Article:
Snow and frozen sleet all day. A slushy day inside and out. It's evening and I've been inside working on the computer and in the kitchen all day -- it's time for me to get out of the house, get to the gym or the yoga studio, clear my head. 

Some days, it's hard for me to be alone -- I'm not at all built for it. I love being by myself but surrounded by people. After just a few hours of truly working at home, being alone without social contact, I find myself incredibly lonely, lacking structure and full of self-doubt. Without a good social context for myself, I feel detached from my own ideas and even goals. Pushing myself back into a stable and consistently social situation is one important motivation for going back into a school. This all sounds very thoughtful, but by 5:45 pm on my first day by myself, I was earnestly researching shut-ins and people with extreme agoraphobia to see if I might have a problem. Clearly, my tolerance for being at home by myself is too low for me to ever become a shut-in. It spooks me after just one day. 

I need these hours of work alone to be on track for this presentation, though. I think I should try to work out of the house starting tomorrow, bring my laptop with me to my rehearsal and work somewhere before and after.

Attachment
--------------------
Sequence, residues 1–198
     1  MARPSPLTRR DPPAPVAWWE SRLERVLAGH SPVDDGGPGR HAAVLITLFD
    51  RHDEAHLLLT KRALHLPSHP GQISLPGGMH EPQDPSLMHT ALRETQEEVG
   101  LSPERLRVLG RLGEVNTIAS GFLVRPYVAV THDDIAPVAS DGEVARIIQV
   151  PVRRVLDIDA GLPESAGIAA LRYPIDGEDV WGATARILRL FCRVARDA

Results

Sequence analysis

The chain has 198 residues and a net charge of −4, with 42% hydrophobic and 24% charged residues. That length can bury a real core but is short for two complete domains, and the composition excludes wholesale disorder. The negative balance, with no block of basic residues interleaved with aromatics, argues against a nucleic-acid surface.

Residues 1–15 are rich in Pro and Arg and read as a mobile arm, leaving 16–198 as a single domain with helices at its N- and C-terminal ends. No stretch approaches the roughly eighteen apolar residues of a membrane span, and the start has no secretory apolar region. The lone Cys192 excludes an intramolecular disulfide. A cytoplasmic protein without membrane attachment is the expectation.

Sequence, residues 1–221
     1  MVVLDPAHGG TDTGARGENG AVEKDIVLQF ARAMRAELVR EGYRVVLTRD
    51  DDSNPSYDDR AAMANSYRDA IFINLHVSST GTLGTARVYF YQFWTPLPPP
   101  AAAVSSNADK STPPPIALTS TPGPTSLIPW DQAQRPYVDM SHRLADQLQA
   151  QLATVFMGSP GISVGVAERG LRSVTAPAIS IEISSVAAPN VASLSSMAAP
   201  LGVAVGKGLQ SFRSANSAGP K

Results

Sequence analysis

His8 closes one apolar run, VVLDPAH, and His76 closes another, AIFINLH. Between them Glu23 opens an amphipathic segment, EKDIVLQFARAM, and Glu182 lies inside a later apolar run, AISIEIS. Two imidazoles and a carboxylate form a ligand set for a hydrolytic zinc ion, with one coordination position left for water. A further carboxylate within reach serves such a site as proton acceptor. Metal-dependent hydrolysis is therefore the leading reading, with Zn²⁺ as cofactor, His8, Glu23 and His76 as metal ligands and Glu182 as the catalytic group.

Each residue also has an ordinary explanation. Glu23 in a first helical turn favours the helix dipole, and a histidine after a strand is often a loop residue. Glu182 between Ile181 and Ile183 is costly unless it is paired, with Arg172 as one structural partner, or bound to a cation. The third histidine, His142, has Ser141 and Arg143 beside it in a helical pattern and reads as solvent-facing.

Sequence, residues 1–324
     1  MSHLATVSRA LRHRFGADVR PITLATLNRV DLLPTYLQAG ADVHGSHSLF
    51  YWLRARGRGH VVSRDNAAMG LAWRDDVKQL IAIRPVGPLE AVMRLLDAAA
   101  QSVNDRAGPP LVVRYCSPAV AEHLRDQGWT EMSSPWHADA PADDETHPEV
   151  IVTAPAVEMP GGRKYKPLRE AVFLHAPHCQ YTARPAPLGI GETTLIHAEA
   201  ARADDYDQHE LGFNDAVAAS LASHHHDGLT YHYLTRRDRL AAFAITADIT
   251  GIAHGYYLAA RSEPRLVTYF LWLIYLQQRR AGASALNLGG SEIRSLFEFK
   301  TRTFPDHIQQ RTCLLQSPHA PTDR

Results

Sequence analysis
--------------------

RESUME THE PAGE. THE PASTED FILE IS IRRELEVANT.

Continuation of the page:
The trouble is that some schools have released their doctoral candidate decisions, and it's within two weeks of the date I received the initial decisions this time last year. I signed up for this presentation in part to mitigate the obsession with waiting at my laptop, checking every email and junk folder for decision letters. I thought I'd be better this time around, and I think I have gotten better. But it's still growing -- every day I feel it growing in my awareness, inherently neutral but increasingly obstructive, like a mushroom cap expanding fast in the cool shade of a mossy rainforest tree. The writer in me cringes at the terrible simile, but unfortunately, it truly feels that way. Fungal, and potentially spreading, but hopefully dignified. It's hard to think about anything else. This year, like last year, I'm totally fixated. The stakes seem higher this time: health insurance, a feasible income to stay in New York, mentorship when I have none. Last year I felt so desperate, each day that I still didn't hear, a catastrophe. The program is more real to me now, so I feel significantly less hung up on an idealized vision of what life might be. If I had gone, I most likely couldn't have made it to Finland, worked up at Cornell, spent so much time at home this winter. I'll keep trying to be grateful for the time I did have out of school, and I'll continue to do so if I end up having another year. I'll be grateful, too, for the work I've added to my CV because of this year. 

Today's writing is a tailspin of work-related navel-gazing and professional self-blame and instability, I think, poorly concealed in the paragraphs above. I'll scramble back to myself soon.